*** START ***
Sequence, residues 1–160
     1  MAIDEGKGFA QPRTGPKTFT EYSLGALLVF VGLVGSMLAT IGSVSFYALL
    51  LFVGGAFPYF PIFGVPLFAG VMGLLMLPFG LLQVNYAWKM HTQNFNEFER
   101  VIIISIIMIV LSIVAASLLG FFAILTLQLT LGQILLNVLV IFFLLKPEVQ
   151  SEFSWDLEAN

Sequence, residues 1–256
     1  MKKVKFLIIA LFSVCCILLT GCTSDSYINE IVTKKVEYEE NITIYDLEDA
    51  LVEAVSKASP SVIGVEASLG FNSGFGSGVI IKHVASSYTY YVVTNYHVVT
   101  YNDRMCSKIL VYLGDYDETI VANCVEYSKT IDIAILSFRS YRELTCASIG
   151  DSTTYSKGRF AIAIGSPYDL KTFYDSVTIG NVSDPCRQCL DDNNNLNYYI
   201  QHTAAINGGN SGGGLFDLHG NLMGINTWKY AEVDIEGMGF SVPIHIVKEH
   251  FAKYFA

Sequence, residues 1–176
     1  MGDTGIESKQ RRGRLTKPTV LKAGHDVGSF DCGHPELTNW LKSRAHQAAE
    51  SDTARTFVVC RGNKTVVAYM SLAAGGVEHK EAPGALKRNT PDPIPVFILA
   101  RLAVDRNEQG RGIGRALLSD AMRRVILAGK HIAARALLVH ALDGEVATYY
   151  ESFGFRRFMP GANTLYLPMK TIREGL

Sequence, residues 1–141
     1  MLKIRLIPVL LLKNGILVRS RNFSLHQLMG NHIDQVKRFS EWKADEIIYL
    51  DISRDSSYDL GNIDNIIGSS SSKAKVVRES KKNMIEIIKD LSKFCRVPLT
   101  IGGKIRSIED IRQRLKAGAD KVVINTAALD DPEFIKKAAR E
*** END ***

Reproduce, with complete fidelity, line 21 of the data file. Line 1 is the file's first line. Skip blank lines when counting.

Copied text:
   101  IGGKIRSIED IRQRLKAGAD KVVINTAALD DPEFIKKAAR E